Yes, it's Batman and Robin circa 1949, in 15 original cinema-serial episodes of nonstop action, mayhem and madcap madness.
Robert Lowery gives us a tall but slightly pudgy Batman, though with a suitably deep voice, who sports a baggy suit with a very nice hand-sewn Bat motif.
This Batman looks like a slightly slimmed-down Victor Mature, and Robert acts just as convincingly as that great Hollywood ham. When Robert changes from Batman into his Bruce Wayne gear, he suddenly looks quite languid and effete - only the artificially-wide shoulders stay the same.
The other star of the show is his euphemistically-dubbed 'ward', Dick. Compared to Bruce Wayne, this Dick or Robin is distinctly down-market -- he's trailer-trash rough trade dragged from a Reform School. It seems a very strange relationship, even for 1949.
This Batman has a proper Bat Cave, fully fitted out with swooping rubber bats. But strangely enough, he can't afford a Batmobile. He and Robin have to make do with tearing around town in their Mercury convertible -- which they use during the day as well, and leave conveniently parked outside playboy Wayne's Gotham City home. Fortunately, no-one seems to notice that Batman and Bruce share a car.
This Batman and Robin can't really change their appearance; it should be clear to everyone who they really are. Yet photographer Vicki Vale (played by Jane Adams) can't seem to see the resemblance -- nor does she seem at all concerned about the strange relationship which seems to exist between Bruce and his little Dick. Just listen to Bruce and Dick laugh at the end of the final episode when Vicki confesses that for a while she did suspect them of being our Batpeople. Ho ho ho, they laugh. Or, rather, Dick laughs and Bruce titters.
Police Commissioner Gordon (a very familiar B-grade actor, Lyle Talbot) is also very close to the Caped Crusader and his pal, but he also fails to spot their likeness to the odd couple, Bruce and Dick. He's a clever one, that Gordon. He has a special Bat spotlight to shine on clouds at night to alert Batman that he's needed -- and somehow he makes that spotlight work by day as well. That was possible in 1949 -- it's something we just couldn't duplicate today.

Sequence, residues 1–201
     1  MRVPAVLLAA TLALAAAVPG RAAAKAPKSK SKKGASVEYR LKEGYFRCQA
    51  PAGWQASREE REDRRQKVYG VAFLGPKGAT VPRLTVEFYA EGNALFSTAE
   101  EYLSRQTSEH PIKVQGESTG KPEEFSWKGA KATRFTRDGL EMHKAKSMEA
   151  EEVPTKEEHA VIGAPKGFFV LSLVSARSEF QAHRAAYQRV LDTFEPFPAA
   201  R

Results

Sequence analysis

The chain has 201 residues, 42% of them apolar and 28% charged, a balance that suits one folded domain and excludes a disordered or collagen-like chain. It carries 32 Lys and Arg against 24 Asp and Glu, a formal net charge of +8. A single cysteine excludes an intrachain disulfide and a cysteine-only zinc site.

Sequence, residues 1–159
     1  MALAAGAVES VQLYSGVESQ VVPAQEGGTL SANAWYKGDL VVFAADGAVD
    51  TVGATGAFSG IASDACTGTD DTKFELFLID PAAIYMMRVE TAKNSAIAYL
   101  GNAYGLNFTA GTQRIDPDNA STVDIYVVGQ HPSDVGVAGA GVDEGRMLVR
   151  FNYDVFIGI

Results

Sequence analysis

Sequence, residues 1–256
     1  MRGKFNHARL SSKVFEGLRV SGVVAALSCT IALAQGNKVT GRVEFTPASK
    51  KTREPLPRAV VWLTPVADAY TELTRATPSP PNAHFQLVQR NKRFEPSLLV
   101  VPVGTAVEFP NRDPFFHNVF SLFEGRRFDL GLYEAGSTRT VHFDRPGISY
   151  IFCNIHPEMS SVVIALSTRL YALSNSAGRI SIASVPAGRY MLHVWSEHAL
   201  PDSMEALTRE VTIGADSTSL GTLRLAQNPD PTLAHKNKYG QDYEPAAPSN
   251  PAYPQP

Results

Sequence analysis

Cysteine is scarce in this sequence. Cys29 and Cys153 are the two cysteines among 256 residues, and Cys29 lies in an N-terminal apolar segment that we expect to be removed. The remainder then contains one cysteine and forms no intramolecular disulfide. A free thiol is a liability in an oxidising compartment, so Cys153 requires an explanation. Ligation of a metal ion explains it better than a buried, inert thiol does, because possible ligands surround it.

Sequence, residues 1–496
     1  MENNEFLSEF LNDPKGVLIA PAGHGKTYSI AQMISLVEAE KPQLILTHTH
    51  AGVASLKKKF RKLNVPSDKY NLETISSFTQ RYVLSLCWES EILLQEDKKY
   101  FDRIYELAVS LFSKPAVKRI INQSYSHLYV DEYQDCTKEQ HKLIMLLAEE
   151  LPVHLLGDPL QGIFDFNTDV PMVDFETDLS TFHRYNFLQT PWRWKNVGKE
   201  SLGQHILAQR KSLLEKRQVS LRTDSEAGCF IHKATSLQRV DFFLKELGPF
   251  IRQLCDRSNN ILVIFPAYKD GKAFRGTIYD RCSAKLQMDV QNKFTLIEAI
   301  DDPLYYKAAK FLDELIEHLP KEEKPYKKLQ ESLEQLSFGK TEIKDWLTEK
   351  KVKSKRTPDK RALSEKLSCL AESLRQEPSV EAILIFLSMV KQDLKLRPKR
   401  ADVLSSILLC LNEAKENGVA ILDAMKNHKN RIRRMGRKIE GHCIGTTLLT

The story concerns an elderly invalid inventor who, courtesy of special rejuvenating rays, is able to turn himself into Batman's most feared foe of all time, the dreaded and evil Wizard.
The Wizard has invented a Remote Control Machine which can control planes, trains and automobiles all over Gotham City. It does however have a slight hitch -- it needs to refuel on diamonds, which don't grow on trees. Can Batman stop this terrible crime-wave which is sweeping Gotham City as the crims seek to snap up every atom of compounded carbon?
We have here, on two discs, the complete 15 episodes of Batman's most terrifying cinema serial, directed at a spanking pace by the very famous Spencer Gordon Bennett, who directed my very favourite cinema serial of all, Superman from 1948, with Kirk Aleyn battling an even more fearsome foe than the Wizard, the nightmare-inducing Spider Lady. I'm sure you'll also remember Spencer's immortal Purple Monster (in black-and-white) and Voodoo Tiger.
There was one earlier cinema serial version, with different cast, which I doubt we'll ever see issued. It was made in 1943, and featured a now-politically-incorrect nasty Japanese villain of the worst kind. Well, those were war years, and you'd have to expect Batman to do his bit.
Though we may never see that one, this release is just too good. Watch just once a week, as in the old cinema days. That way you'll forget how, at the end of each episode, we find Batman and Robin in a situation in which they're sure to be destroyed. Come the following week, and that situation is .. well... slightly different. The building they're toppling to their death from is suddenly two stories high instead of 15. The exploding airplane fails to explode quite so quickly, giving time for our pals to finish their airplane snack-pack, and exit.
Yes, the time-gap between episodes is needed to lend some credibility. Luckily, the time-gap between 1949 and now doesn't seem so great by comparison -- this is still great b-grade comic-strip entertainment. It's totally, utterly unreal.
This is a good transfer, given that the original material probably doesn't exist in the best of shape. There's some ageing of elements, but nothing that detracts from viewing pleasure.
Perhaps this edition originates from Region Two Japan, as it appears to be in NTSC, and features Japanese subtitles as the only subtitle option. Wherever it comes from, I hope they follow up soon with the other killer-serial of the time, Superman.
And keep an eye out for the possible future release by Warners of the slightly later and even better version of Superman, the television series from the early-1950s starring George Reeves. There's never been a better Superman than George. Warners is believed to have finished working on remastered transfers of the complete Series One; it's being held up while some rights issues are dealt with -- most probably over soundtrack music rights. Up Up and Away!